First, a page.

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ZENTANGLES - PART 5

Updated on January 12, 2011
Shaded Peacock
Shaded Peacock | Source

To Shade or Not to Shade

ZENTANGLES – PART 5

Shading your Zentangle designs is not difficult to do. Shading creates depth in the design and allows certain areas of your tangles to move back, giving your design a three dimensional appearance. The shading process doesn’t take long to do, but it adds a great deal to your design.

There are two basic ways to shade your tangles. The first way is to use your Micron marker and just add more lines that are closer together. The second way is to use a graphite pencil and a rubbing stick. (Use the side of the pencil end instead of the point. After applying the shading, use your rubbing/blending stick to blend it in so there are no sharp end lines.) Both types of shading were used on the example above. (Click on the picture to make it larger and easier to see the shading.)

I used my Micron pen (01) on the second feather from the left on this peacock. I made several shorter lines in each “feather row” to darken the areas and send them back, and then left a lot of white on the tips of the feathers to make them look closer to the viewer. On this tangle I also used a graphite pencil lightly in the darker areas and then took my kneaded eraser and made sure there wasn’t a lot of shading on the light part of the feathers.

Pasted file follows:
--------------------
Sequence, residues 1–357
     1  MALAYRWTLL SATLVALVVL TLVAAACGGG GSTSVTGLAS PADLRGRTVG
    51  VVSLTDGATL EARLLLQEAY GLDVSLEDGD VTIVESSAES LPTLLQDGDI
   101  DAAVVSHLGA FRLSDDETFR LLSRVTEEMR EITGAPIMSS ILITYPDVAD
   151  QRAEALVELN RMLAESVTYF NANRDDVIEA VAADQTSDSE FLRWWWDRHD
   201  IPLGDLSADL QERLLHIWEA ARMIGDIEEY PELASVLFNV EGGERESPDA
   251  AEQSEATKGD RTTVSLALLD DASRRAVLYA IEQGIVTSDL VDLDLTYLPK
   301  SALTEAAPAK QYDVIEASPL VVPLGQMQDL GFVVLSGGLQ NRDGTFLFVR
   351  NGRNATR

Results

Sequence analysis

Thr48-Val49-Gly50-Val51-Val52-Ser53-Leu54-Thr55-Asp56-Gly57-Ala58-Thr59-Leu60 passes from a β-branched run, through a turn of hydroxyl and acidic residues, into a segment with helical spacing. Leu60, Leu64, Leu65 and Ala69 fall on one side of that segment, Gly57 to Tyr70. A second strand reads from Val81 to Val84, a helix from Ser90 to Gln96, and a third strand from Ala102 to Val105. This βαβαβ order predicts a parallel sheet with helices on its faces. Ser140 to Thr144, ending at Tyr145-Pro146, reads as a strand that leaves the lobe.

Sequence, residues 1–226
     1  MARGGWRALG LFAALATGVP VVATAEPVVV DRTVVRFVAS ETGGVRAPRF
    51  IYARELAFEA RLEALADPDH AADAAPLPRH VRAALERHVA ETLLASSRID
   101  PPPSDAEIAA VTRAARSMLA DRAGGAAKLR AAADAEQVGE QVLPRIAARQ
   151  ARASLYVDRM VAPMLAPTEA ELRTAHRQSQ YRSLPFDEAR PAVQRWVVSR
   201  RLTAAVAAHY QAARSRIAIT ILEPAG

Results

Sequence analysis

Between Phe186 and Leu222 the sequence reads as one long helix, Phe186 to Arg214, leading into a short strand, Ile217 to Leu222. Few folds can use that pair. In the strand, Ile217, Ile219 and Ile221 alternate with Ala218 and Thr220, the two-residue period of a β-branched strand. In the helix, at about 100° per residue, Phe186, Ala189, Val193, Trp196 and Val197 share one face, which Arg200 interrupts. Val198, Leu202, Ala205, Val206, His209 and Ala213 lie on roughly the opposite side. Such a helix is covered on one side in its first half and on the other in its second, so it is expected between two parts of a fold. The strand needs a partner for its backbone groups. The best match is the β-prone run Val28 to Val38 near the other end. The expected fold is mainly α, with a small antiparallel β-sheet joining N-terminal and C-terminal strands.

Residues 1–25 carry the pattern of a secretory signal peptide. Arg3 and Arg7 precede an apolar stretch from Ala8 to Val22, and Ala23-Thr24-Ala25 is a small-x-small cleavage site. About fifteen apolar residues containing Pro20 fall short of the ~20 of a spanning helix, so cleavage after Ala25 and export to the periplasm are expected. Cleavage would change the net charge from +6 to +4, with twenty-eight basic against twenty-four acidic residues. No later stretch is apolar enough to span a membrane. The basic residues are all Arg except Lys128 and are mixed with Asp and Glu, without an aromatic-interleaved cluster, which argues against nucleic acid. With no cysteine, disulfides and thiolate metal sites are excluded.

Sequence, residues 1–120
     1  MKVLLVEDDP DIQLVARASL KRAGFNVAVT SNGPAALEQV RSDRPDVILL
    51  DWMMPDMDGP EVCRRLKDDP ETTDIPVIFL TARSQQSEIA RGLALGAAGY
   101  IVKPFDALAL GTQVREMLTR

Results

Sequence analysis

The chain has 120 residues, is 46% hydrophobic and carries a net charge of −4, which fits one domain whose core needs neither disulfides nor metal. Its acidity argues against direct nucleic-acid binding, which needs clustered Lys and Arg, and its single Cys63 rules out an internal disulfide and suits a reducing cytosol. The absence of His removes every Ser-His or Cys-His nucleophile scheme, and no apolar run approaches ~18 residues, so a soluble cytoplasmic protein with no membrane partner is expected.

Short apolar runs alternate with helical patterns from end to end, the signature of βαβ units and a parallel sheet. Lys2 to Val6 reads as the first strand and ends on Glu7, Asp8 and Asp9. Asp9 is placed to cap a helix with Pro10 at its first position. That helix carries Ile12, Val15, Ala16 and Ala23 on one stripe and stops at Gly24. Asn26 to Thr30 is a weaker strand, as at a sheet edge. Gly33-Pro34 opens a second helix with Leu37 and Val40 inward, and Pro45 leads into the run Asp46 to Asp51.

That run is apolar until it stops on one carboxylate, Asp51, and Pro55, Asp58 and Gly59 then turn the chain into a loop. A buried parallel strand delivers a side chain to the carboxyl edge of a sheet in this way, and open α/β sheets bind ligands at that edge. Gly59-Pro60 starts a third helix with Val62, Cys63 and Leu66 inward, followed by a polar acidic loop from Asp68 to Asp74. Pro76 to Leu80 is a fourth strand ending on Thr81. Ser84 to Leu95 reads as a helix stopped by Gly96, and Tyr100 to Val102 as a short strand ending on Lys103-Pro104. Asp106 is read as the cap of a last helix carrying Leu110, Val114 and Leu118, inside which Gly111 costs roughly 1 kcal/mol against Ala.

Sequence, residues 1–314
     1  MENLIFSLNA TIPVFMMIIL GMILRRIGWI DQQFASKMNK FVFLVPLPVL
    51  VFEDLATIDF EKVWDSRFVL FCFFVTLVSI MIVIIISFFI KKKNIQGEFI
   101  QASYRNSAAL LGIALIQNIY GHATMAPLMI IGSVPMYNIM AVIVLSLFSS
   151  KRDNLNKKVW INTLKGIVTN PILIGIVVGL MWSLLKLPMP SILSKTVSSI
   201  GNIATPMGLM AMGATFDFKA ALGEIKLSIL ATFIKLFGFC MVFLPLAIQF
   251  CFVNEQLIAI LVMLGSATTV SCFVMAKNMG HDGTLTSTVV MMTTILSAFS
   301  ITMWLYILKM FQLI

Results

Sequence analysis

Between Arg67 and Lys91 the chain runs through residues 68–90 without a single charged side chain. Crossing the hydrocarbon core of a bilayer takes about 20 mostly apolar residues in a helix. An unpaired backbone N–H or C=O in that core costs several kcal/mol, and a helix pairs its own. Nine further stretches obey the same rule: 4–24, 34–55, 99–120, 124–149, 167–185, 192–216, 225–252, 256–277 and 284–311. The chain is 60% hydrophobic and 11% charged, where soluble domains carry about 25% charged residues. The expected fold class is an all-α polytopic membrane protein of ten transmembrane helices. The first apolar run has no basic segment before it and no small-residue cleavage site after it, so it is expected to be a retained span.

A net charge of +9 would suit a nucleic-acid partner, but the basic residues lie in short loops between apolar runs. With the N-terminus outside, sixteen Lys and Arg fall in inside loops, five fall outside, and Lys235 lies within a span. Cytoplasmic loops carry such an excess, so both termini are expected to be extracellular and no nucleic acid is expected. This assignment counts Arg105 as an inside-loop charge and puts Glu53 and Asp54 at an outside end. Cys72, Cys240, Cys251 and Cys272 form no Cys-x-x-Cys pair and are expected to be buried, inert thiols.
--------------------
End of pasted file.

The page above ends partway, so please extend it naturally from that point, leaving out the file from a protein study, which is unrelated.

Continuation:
On the real-life looking feather on the far right of the design, between each feather, and on the peacock’s body, I used a graphite pencil and a rubbing stick to blend the shading to give each area depth. You will notice that the shading is always on the right side of the feathers (except on the peacock’s body). If you want to create the impression that each tangle is positioned behind the one next to it, just darken the same side of each tangle in a repetitive row. This gives the impression that each feather is layered on top of the next. I also used my eraser in the areas where I got a bit carried away with my shading.

On the sixth tangle feather from the left (third from the right) I also used patterns to make some depth to the tangle. The tangle patterns at the bottom of the feather, nearest to the body, are closer together and have more dark areas. I gradually opened up the pattern a bit on the upper portion of the feather to give them a lighter look.

Shading is beneficial when creating a weaved tangle where you want the design to look as though some of the rows are behind other rows. Tangle examples would be: Keeko, Huggins, or any other basket weave pattern. Lightly shade the areas you want to look behind and leave the top layers alone.

You can also create depth in a tangle design my using black or darkened out areas of the design. There are many tangle designs that would be good examples of this to list. (Check out Beeline, Cadent, Cubine, Dex, Laced and W2 to name just a few) Anytime you want to create a three dimensional feel to your design, make some areas darker and others lighter.

Have fun and practice this technique. You’ll discover it’s easy to create three-dimensional designs without the need for those ugly 3-D glasses!

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